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Ear Infections and Language Development

When a child has fluid in the middle ear, the fluid reduces sound traveling through the middle ear. Sound may be muffled or not heard at all. Children with middle ear fluid will generally have a mild or moderate temporary hearing loss. (It's as if you plugged your ears with your fingers.) However, some children have no change in their hearing.

  • Mild hearing loss: A child may not hear -- or may hear very faintly -- the soft sounds at the beginnings and ends of words, such as the "s" in "sun" and the "t" in "cat; and words spoken quickly, such as "and."
  • Moderate hearing loss: A child may have trouble hearing most speech sounds, and may have trouble with short, softly spoken words and word endings. It's important to know that some children with otitis media have no loss of hearing. A hearing loss due to middle ear fluid should go away once the fluid is gone.

    How can I recognize if my child has a hearing loss?

  • Has difficulty paying attention
  • Shows a delayed response or no response when spoken to
  • Says "Huh?' often
  • Follows directions poorly
  • Turns up sound on radios, TV, CDs
  • Withdraws from other children
  • Is over-active or uncooperative

    Children with temporary hearing loss may show all, some, or none of these behaviors, which may be different at each age. It's often hard to tell whether a child has a hearing problem or whether the child is just acting a certain way because of age or temperament. If you're not sure, ask your healthcare provider for help.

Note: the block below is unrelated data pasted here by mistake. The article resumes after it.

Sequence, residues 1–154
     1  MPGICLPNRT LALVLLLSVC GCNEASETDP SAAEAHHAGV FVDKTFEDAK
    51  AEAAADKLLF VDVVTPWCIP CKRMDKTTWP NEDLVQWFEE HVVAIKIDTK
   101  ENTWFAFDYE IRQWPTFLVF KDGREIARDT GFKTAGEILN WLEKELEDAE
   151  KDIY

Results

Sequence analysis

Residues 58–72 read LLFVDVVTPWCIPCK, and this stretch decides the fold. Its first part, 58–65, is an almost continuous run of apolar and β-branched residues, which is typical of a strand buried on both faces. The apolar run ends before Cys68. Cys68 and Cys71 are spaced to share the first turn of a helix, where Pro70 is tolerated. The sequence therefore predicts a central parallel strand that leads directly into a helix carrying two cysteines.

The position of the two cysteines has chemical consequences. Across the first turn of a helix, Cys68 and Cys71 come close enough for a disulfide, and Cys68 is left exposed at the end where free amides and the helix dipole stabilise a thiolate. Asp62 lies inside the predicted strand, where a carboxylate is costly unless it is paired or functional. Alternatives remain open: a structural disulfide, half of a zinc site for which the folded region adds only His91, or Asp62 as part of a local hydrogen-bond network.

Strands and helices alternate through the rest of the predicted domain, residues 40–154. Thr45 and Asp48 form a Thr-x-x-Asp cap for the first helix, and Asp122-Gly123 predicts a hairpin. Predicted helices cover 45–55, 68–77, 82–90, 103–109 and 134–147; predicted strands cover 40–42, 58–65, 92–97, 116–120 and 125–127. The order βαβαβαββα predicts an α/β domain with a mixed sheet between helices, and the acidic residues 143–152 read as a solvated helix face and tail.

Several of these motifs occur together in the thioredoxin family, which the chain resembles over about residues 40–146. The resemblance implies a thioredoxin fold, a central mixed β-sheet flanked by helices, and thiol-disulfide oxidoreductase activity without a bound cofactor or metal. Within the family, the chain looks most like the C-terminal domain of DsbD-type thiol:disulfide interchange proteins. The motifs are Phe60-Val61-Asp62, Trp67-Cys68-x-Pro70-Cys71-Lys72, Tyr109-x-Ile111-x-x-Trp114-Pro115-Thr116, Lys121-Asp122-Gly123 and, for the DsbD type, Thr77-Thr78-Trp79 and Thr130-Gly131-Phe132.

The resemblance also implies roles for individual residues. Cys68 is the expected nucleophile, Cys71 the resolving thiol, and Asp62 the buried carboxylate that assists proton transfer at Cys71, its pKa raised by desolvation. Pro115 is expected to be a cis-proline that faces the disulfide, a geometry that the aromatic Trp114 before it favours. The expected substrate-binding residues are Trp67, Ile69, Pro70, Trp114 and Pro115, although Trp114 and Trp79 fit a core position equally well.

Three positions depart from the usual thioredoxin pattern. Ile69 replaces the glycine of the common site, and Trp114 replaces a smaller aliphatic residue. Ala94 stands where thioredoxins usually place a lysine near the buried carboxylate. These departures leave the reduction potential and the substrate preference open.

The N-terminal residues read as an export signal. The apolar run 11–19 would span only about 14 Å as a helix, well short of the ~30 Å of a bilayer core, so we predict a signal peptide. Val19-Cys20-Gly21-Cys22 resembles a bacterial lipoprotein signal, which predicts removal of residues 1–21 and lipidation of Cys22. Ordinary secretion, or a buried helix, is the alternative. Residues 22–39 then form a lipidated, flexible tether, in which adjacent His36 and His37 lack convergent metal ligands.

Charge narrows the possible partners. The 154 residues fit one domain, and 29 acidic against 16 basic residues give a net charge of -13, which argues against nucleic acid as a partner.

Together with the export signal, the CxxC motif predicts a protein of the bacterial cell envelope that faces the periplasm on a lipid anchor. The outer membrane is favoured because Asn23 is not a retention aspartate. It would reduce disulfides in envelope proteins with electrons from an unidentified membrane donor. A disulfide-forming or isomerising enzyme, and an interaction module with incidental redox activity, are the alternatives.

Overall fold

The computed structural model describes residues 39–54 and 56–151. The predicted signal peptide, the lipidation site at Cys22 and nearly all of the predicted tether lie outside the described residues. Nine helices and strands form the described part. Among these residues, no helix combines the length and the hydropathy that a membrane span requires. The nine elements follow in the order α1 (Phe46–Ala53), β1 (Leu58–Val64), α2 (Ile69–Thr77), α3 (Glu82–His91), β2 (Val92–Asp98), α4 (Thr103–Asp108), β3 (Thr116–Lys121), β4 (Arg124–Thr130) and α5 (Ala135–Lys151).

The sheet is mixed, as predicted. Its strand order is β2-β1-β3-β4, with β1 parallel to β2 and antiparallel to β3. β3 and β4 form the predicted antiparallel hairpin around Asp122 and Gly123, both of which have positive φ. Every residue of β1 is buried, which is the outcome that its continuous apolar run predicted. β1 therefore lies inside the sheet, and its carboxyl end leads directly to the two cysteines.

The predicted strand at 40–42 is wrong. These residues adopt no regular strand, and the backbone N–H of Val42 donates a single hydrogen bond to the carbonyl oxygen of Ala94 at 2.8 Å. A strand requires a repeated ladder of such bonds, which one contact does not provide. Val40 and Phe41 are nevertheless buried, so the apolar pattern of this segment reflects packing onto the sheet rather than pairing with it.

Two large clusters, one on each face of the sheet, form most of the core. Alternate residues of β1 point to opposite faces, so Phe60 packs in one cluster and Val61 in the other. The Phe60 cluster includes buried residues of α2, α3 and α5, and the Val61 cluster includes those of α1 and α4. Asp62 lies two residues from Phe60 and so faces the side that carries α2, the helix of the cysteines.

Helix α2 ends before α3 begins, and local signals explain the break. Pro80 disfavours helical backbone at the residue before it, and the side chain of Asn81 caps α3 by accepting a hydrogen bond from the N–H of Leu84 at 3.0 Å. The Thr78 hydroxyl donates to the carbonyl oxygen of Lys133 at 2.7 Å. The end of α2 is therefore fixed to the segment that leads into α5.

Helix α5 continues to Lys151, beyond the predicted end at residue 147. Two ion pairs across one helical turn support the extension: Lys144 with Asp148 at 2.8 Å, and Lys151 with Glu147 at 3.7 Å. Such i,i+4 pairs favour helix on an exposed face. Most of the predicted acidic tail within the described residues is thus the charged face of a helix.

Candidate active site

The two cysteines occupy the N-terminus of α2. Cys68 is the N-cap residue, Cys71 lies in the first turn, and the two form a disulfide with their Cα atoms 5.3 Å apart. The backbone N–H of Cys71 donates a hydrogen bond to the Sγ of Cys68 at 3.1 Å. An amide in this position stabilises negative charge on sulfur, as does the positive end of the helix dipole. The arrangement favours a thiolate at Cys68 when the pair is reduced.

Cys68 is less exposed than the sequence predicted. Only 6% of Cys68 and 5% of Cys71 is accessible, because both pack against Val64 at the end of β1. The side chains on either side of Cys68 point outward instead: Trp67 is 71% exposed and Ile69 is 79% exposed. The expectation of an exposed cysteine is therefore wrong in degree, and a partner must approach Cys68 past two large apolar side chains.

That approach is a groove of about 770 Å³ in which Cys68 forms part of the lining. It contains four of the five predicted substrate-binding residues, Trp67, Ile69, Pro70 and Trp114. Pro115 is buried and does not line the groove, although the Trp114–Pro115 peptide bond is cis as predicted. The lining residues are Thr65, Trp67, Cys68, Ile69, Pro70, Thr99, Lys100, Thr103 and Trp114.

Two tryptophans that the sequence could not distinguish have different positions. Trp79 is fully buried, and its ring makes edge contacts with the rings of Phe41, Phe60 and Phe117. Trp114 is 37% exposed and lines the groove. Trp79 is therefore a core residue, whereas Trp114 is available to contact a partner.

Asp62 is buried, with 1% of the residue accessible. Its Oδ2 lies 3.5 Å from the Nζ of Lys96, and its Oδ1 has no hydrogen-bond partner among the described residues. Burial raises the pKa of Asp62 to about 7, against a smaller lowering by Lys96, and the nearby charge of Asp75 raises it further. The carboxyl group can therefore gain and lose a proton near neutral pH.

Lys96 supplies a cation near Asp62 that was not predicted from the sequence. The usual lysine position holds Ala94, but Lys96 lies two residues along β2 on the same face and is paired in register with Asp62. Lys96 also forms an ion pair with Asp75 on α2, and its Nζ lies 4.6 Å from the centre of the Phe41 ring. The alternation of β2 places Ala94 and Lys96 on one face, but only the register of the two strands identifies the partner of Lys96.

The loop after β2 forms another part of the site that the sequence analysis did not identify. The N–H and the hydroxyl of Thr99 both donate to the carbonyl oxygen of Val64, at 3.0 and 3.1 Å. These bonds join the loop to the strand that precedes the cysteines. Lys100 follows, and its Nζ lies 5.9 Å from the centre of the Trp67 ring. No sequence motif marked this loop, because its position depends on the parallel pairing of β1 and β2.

What can I do if I am concerned about my child's hearing?

    If your child's response to sound seems different or inconsistent, you should request a hearing evaluation to check her hearing. Children as young as newborns can have their hearing tested. Healthcare providers can screen hearing. When a child fails a hearing screening, you should take the child to an audiologist for a hearing evaluation. The audiologist specializes in diagnosis and treatment of hearing loss.

    How may language learning be affected by otitis media?

    During the first three years when children have the most problems with otitis media, they are learning to speak and understand words. Children learn to do this by interacting with people around them. It may be harder to hear and understand speech if sound is muffled by fluid in the middle ear. Some researchers report that frequent hearing loss in children with middle ear fluid may lead to speech and language difficulties. However, other researchers haven't found this to be true. Until the research is conclusive, it's best to pay special attention to the language development of children who have middle ear fluid.

    What can I do if I'm concerned about my child's speech and/or language development?

    When you have concerns about your child's language development, talk to your child's healthcare provider. A speech-language pathologist specializes in diagnosis and treatment of speech and language problems.

    Source: Ear Infections and Language Development, National Parent Information Network

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